"They all do it." That's the knee-jerk defense whenever a politician gets into trouble in this town.

Every day for months, we heard it during Watergate. They all do it, Richard Nixon's fans said - What about Lyndon Johnson and his TV station? What about Bobby Baker? Apologists for errant politicians have been saying it at least since the First Congress convened in New York, two centuries ago this spring.When the first tariff on imports was about to be passed, something mysteriously held it up. Investigation showed that Rep. Thomas Fitzsimons of Philadelphia and others had a personal interest, in the form of ships then at sea. They were delaying passage until their cargoes were safely ashore. Fitzsimons' colleague noted for posterity that whenever a man acted as both merchant and congressman, "you will always find the merchant uppermost."

They don't all do it, but at any given time, somebody's doing it. The old saw is an effective reminder to either party that it had better not be too tough on the opposition this week, because next week the tables might be turned.

The cliche applies more accurately to the Jim Wright case now at hand. "They" don't all have their wives on a friendly developer's payroll, and they don't all work out book royalty deals as cozy as the one he had with a Texas friend. But "they," if we mean congresspeople, do indeed have such imaginative ways of supplementing their paltry $89,000 salaries that righteous taxpayers sizzle every time the subject arises.

Wright, when he went public to say he would fight allegations from the Ethics Committee, didn't quite utter the old defense on his own behalf. Plenty of other Democrats have done that for him.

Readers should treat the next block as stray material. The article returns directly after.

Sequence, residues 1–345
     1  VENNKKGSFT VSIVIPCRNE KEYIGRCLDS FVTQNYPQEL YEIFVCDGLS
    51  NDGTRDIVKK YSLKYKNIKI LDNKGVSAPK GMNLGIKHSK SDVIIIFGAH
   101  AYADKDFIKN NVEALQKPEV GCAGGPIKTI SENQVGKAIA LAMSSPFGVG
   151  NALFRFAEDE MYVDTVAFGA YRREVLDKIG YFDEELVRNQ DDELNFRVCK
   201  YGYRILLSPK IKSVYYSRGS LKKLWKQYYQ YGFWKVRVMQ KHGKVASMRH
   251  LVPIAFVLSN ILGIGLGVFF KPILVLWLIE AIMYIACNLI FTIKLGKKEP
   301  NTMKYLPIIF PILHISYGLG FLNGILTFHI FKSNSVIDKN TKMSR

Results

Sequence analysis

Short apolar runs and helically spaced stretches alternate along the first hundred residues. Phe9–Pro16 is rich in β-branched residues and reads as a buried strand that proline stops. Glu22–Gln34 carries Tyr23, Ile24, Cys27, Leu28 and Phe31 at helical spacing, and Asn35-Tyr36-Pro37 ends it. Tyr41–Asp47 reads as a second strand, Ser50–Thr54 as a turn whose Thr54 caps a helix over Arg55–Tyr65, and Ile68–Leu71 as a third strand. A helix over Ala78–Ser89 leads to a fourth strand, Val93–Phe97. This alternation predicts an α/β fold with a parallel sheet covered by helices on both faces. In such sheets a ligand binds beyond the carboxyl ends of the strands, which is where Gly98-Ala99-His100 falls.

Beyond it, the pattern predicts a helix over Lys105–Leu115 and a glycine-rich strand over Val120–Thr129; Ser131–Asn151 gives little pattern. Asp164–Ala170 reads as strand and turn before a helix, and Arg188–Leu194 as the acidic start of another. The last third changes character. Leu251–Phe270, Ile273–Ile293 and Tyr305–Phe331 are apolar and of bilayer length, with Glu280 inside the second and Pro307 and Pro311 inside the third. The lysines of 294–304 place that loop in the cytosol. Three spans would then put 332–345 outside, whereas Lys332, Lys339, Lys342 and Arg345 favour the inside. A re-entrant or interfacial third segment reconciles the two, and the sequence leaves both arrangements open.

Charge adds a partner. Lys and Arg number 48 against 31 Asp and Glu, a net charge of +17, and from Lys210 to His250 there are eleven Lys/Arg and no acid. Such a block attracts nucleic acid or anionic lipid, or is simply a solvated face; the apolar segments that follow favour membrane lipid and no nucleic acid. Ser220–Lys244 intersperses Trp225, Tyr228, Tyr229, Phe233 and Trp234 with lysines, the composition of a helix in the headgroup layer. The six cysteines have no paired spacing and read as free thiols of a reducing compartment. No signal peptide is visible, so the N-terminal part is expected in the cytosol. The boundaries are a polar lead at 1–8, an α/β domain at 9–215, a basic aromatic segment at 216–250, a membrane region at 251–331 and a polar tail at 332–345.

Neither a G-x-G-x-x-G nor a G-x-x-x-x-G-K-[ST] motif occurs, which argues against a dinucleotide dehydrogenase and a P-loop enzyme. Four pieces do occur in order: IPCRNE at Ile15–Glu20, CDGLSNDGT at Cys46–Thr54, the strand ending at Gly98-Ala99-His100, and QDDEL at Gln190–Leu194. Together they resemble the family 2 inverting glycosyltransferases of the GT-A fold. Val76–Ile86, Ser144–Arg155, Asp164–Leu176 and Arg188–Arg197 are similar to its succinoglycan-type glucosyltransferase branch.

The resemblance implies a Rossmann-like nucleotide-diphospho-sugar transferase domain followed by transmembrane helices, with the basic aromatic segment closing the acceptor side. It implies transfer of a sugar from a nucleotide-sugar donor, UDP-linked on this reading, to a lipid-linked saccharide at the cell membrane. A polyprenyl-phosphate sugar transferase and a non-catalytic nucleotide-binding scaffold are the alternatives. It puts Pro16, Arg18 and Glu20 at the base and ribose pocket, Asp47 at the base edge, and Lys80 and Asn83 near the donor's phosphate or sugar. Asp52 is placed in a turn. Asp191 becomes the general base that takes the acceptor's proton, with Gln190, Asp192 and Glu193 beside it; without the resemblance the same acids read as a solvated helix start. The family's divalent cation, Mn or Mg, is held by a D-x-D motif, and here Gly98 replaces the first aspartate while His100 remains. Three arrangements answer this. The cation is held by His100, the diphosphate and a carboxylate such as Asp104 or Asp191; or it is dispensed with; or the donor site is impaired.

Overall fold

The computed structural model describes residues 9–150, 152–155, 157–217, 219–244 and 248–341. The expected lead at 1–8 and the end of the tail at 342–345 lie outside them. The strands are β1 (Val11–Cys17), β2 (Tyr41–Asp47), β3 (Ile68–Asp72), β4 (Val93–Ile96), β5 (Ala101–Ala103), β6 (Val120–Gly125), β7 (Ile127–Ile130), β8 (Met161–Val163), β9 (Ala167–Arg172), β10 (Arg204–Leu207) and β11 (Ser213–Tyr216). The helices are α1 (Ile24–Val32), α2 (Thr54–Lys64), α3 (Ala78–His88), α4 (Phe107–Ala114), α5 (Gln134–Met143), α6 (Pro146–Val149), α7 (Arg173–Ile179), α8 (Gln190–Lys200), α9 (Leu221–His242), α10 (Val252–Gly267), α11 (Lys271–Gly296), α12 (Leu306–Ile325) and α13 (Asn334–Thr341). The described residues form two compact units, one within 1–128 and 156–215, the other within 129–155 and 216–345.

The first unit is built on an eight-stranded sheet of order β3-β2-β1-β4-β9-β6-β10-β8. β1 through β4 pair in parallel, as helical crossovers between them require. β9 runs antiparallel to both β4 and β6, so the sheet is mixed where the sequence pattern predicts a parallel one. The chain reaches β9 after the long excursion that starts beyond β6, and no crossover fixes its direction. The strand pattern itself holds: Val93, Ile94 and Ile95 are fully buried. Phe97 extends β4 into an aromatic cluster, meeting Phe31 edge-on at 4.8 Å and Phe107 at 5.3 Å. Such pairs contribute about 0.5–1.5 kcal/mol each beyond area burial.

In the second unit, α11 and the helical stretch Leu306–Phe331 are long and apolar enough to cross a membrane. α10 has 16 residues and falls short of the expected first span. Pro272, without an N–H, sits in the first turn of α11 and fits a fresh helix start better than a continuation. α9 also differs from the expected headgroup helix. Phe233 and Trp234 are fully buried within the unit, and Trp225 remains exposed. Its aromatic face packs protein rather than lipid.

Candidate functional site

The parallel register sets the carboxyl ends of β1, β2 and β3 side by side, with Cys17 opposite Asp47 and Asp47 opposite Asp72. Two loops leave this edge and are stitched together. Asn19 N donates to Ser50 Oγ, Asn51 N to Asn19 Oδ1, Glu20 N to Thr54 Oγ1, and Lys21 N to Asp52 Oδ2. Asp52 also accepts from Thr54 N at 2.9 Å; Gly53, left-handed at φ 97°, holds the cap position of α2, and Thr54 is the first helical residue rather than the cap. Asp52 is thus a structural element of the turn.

He said "I am confident that in the 34 years I have served in the Congress I have not violated any of those basic rules or any commonly accepted standard of ethical conduct." That last phrase comes closest to "They all do it." It is a wise choice of words, because the commonly accepted standard of ethical conduct is remarkably tolerant - in Washington and around the world.

It used to be even more so. One of Wright's problems is that he has been here a long time, since he was merely 32. He grew up in old-style Texas politics. Helping constituents and being helped by them was the norm there and then. Here and now, standards have changed. Since Watergate, new rules have been written. Smart politicians stay within them.

Wright could have defended himself by citing Ed Meese and the battalion of other recent Republicans guilty of either the crime or the appearance of wrongdoing. That would be pertinent, but not admissible in his case. He is caught by rising standards, plus the determination of many Republicans to get even for Senate rejection of Tower as Defense secretary.

Much hypocrisy is involved, but the country is served by those rising standards. The objective citizen should be delighted to see the new political morality prevail in the case of the gentleman from Fort Worth, the Speaker of the House.

After that, let the same standards prevail in the whole Congress. They should be applied first to Wright's main tormentor.